Studies show that over half of older adults with clinical depression are largely unresponsive to the standard therapeutic interventions commonly used to treat this condition. Findings from a new paper, published in the leading medical journal Lancet, however, has found that adding a second drug – an antipsychotic medication – to the treatment regimen can make the outcome substantially better.
Previous research has already shown that the combination of an antidepressant and a low dose of aripiprazole (brand name Abilify) was effective at alleviating the symptoms of depression in younger adults, but since older patients may not necessarily respond to treatments that work for someone half their age, more studies were sorely needed.
“This is a rare study because it looks at depression specifically in older adults,” said Benoit H. Mulsant, MD, a co-author on the study and a senior scientist at CAMH in Toronto. “It’s important to treat older adults for depression, especially given that adults with late-life depression are at an increased risk of developing dementia. But this research demonstrates that older adults do respond to depression therapy.”
In the study, conducted in several health care centres in the US and Canada, and involving 468 people over the age of 60, participants received an extended-release formulation of the antidepressant drug venlafaxine (brand name Effexor XR) for 12 weeks. At the end of the trial, about half of them were still depressed.
The second part of the study had non-responders keep taking venlafaxine, but added either a low dose of aripiprazole (a drug sometimes used in treating schizophrenia and bipolar disorder) or a placebo. This resulted in a 44 percent response rate in the intervention group, compared to only 29 percent in those who received the sugar pill.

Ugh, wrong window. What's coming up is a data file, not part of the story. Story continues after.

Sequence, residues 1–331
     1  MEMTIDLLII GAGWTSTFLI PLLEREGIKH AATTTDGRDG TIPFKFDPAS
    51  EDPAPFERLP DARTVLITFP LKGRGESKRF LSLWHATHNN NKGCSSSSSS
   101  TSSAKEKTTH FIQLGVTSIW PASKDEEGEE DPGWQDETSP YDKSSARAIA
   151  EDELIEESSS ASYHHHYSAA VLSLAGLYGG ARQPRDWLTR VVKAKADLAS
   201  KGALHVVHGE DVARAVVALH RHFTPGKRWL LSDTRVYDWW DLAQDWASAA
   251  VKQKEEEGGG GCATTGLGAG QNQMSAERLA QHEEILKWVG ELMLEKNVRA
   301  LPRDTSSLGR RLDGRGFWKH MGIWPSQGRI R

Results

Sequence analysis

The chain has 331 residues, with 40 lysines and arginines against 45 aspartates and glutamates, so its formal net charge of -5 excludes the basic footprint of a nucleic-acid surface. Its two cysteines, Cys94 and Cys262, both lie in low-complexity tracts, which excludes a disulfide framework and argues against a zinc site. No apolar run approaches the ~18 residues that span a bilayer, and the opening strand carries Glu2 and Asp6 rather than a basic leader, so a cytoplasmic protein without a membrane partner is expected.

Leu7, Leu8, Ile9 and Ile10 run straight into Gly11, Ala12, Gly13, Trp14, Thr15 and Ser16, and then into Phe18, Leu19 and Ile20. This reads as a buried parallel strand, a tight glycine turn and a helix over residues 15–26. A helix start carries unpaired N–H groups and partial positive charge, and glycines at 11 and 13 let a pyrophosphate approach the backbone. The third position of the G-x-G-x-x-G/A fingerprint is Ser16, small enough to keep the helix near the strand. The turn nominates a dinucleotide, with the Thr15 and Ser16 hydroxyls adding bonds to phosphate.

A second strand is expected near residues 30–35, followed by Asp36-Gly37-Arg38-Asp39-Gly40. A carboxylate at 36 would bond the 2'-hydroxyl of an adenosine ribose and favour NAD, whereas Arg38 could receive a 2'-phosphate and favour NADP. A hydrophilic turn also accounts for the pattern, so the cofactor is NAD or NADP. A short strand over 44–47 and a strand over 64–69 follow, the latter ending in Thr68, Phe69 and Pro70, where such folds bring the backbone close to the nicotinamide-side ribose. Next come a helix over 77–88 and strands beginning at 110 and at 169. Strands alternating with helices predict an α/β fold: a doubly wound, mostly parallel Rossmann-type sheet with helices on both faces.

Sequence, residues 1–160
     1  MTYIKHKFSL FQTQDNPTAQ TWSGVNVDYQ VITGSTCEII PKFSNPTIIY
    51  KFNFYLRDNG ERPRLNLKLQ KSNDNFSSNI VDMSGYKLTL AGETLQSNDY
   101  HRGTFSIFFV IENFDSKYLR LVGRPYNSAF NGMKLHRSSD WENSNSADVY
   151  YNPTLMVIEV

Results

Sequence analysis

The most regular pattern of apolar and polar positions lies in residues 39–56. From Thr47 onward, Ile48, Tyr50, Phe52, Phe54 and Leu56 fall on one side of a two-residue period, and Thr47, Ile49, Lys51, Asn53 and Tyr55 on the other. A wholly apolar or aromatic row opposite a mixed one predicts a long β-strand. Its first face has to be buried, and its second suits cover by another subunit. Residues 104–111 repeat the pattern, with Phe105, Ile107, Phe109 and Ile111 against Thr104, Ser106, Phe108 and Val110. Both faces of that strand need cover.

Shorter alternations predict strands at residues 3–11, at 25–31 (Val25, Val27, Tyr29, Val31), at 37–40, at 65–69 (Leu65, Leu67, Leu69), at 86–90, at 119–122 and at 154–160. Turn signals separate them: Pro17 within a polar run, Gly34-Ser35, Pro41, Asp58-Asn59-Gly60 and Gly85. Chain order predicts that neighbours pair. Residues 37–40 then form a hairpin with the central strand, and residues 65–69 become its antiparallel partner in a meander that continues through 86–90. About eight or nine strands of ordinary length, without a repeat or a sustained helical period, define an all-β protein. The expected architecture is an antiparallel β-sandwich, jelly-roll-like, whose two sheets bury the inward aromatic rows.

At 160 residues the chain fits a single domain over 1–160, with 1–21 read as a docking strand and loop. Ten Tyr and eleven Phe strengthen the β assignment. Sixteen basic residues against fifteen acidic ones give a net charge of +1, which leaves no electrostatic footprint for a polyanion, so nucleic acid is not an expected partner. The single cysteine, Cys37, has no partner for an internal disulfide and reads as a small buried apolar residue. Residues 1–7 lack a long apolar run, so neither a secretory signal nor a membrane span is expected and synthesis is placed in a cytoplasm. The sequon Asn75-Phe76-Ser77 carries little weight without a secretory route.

According to Charles F. Reynolds III, MD, a Geriatric Psychiatrist at the University of Pittsburgh, the coordinating site for the study, these findings constitute a major advance in support of evidence-based care for older adults with depression.
“By publishing our findings in the Lancet, we hope particularly to reach primary care physicians, who provide most of the treatment for depressed older adults. The excellent safety and tolerability profile of aripiprazole, as well as its efficacy, should support its use in primary care, with appropriate medical monitoring.”
Some of the patients receiving the drug combo did experience side effects, but in most cases they were mild and short lived. None of the problems often associated with antipsychotic medication, such as weight gain and metabolic dysfunction, were observed, and the benefits of such an approach far outweighed the side effects.
The key remaining question to answer next is who responds to the intervention and who doesn’t. “One of the things we see as critical to our future research will be trying to better understand the factors that make some people respond to specific forms of treatment that may not work for others,” concluded first author Eric J. Lenze from the University of Washington.